#RSAC: Researchers Share Lessons from the World’s First AI Security In – Infosecurity Magazine

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As the use of AI explodes in sensitive sectors like infrastructure and national security, a team at Carnegie Mellon University is pioneering the field of AI security response.

In the summer of 2023, researchers at the University’s Software Engineering Institute, the birthplace of the first Computer Emergency and Response Team (CERT), believed there was an urgent need to charter a new entity to lead research and development efforts to define incident response tactics, techniques, and procedures for AI and machine learning (ML) systems and coordinate community response actions.

Just over six months later, Lauren McIlvenny and Gregory Touhill shared the lessons they learned running the world’s first AI Security Incident Response Team (AISIRT) during the RSA Conference 2024.

Explaining the Need for an AISIRT

The AISIRT was launched because McIlvenny and Touhill’s research data showed a continuous increase in AI-powered attacks and attacks on AI systems.

“We continue to see a lot of activity associated with AI-related systems and technologies now being targeted in the wild,” Touhill said.

The pair mentioned the numerous threats posed to generative AI tools like AI chatbots and large language model (LLM) systems, as well as attacks targeting the engines powering AI models, Graphics processing unit (GPU) kernels, whose implementations can be susceptible to memory leaks and can be leveraged to access sensitive information.

The AISIRT was developed in collaboration between Carnegie Mellon University and CERT Division’s partner network.

It became partly operational after it first launched in August 2023 and has been fully operational since October 2023.

It is focused on identifying, understanding, and mitigating ‘vulnerabilities’ for AI systems that are of interest to and used by defense and national security organizations.

In this context, McIlvenny explained that ‘vulnerabilities’ include traditional software vulnerabilities, adversarial machine learning weaknesses, and flaws leading to joint cyber-AI attacks.

How the AISIRT Functions

The AISIRT leverages existing rules of engagement from cyber incident response and its structure is inspired by a traditional Computer Security Incident and Response Team (CSIRT).

It consists of four main components: an AI incident response element, an AI vulnerability discovery toolset, an AI vulnerability management framework, and an AI situational awareness service.

The AISIRT involves a variety of stakeholders, including:

  • A team lead who can translate the technical aspects in an understandable way to affected parties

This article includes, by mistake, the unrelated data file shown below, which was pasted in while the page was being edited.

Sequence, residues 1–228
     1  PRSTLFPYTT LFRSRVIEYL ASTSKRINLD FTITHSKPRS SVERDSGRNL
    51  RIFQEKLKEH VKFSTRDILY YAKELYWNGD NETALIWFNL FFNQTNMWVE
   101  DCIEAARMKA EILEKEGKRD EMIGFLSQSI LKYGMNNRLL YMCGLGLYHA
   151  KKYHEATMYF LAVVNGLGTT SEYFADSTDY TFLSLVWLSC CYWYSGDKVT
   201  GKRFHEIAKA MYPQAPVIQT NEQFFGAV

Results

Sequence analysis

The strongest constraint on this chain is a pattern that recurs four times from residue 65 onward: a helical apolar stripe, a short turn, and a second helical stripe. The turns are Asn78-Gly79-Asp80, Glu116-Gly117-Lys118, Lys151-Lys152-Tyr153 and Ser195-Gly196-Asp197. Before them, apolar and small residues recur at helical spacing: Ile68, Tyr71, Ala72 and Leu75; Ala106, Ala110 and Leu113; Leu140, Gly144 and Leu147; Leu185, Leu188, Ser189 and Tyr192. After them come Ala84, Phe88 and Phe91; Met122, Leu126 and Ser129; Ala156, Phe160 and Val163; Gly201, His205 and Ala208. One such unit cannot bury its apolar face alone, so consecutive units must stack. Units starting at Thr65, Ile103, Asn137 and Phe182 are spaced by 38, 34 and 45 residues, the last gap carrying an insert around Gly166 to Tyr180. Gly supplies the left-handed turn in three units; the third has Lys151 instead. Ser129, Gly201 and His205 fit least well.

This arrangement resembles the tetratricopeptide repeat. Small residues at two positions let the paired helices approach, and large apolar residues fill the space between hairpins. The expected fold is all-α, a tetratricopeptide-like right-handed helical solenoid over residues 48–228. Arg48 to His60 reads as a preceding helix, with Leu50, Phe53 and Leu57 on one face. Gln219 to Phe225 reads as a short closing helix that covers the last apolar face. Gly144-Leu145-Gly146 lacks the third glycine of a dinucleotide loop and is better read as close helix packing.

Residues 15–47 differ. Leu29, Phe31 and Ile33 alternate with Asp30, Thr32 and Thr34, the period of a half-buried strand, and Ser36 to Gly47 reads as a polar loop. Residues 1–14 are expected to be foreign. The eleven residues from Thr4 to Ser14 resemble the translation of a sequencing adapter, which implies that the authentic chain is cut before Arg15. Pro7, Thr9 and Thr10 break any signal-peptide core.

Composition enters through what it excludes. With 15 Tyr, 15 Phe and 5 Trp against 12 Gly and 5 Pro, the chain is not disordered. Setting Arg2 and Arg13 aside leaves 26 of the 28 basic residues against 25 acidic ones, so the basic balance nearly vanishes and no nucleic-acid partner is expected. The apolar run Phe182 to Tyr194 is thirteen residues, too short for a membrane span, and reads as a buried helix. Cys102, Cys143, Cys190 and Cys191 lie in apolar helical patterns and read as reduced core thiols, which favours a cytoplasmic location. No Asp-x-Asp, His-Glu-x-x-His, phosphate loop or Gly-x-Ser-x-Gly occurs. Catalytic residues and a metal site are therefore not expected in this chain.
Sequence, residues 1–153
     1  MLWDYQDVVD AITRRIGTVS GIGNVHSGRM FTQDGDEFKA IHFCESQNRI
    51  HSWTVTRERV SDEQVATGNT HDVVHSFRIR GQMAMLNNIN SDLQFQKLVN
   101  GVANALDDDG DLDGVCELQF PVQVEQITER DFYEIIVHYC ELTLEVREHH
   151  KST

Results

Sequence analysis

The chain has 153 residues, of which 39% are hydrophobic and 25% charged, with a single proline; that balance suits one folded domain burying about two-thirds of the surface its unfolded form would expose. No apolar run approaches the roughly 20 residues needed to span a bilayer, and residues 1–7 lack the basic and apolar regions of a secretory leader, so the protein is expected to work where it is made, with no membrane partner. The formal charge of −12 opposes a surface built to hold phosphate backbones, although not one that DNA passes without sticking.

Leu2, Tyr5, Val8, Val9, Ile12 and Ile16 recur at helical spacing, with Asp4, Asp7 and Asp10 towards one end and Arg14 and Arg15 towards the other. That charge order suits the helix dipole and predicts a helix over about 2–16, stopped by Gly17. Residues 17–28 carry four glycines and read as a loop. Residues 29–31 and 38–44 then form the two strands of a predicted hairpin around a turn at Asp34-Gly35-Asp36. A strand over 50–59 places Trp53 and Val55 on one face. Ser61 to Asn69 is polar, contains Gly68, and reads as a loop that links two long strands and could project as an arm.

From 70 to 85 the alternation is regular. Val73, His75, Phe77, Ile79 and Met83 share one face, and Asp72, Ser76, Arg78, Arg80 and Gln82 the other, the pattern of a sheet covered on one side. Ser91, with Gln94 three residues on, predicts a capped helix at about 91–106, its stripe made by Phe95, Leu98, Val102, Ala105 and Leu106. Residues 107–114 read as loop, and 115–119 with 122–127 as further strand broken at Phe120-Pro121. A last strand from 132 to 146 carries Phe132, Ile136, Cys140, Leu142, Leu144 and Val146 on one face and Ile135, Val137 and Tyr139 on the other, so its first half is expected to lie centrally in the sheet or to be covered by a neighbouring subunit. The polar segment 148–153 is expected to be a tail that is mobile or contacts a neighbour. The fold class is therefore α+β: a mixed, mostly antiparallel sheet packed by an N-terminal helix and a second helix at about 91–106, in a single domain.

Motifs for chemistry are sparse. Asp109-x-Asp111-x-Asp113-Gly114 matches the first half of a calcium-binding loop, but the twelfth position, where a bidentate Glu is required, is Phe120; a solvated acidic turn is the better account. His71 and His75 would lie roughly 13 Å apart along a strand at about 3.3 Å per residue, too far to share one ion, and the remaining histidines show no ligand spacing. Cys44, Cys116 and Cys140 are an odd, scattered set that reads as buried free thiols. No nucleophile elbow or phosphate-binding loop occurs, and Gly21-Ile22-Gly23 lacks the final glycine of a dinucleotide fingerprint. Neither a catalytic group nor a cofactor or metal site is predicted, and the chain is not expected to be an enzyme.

• System/database administrators
  • Network engineers
  • AI/ML practitioners
  • Threat intelligence researchers
  • Specialists from Carnegie Mellon University and other trusted industry/academic partners as needed

In the future, McIlvenny and Touhill said they see the AISIRT as a hub for updating and sharing best practices, standards, and guidelines around AI for defense and national security organizations.

They plan to establish an AI community of practice across academia, industry, defense and national security organizations, as well as legislative bodies.

“At least 20% of what we’re showing here in the AISIRT structure will need to evolve in the future,” McIlvenny estimated.

Lessons Learned After Six Months Running the AISIRT

McIlvenny and Touhill shared some of the lessons learned after running the AISIRT for over six months.

These are:

  • AI vulnerabilities are cyber vulnerabilities
  • AI vulnerabilities are occurring throughout the entire system
  • Cybersecurity processes are mature and should continue to evolve to support AI
  • AI systems are different than today’s traditional IT in several interesting ways
  • Complexity in AI systems complicates triage, diagnostics and troubleshooting
  • Tools to identify vulnerabilities aren’t there yet
  • There is a need for secure development training (i.e. DevSecOps) tailored for AI developers
  • Red team pentesting of AI systems throughout the development cycle can identify material weaknesses early in the development cycle

However, they insisted that the AISIRT – and AI security as a whole – was still in its infancy and that organizations using AI and stakeholders trying to protect against AI threats still have countless unanswered questions, including the following:

  • Emerging regulatory regimes: What is the standard of care for using AI systems, and what is the standard of care as we develop AI systems?
  • Evolving privacy impacts: How will AI systems affect maintaining the privacy rights of citizens? How will AI systems weaken existing privacy protection protocols?
  • Threats to intellectual property: What do I do if our valuable intellectual property is leaked into a generative AI system? What do I do if our valuable intellectual property is discovered in an AI system?
  • Governance and oversight: What are the best practices in AI governance and oversight? Do I need to establish separate governance models for European and North American lines of business due to different regulatory environments?

“We’re at a stage where questions around AI security still greatly outnumber answers, so please reach out and share your experience using and securing AI,” Touhill concluded.

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